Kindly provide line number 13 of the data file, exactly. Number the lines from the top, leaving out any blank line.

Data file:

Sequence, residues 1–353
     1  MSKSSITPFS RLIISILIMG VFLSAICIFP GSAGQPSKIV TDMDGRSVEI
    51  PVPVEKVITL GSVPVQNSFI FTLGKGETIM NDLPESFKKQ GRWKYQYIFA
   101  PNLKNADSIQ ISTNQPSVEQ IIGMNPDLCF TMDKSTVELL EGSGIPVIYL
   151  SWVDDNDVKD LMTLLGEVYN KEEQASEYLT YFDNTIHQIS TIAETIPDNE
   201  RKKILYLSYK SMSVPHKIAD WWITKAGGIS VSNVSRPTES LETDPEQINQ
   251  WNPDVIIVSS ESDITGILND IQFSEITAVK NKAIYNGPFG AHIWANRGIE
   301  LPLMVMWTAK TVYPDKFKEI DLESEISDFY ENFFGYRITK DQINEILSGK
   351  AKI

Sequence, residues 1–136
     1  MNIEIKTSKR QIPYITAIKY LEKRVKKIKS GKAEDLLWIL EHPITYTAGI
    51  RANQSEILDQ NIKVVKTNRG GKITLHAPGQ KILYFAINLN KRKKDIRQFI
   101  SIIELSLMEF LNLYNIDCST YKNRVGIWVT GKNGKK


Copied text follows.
   101  SIIELSLMEF LNLYNIDCST YKNRVGIWVT GKNGKK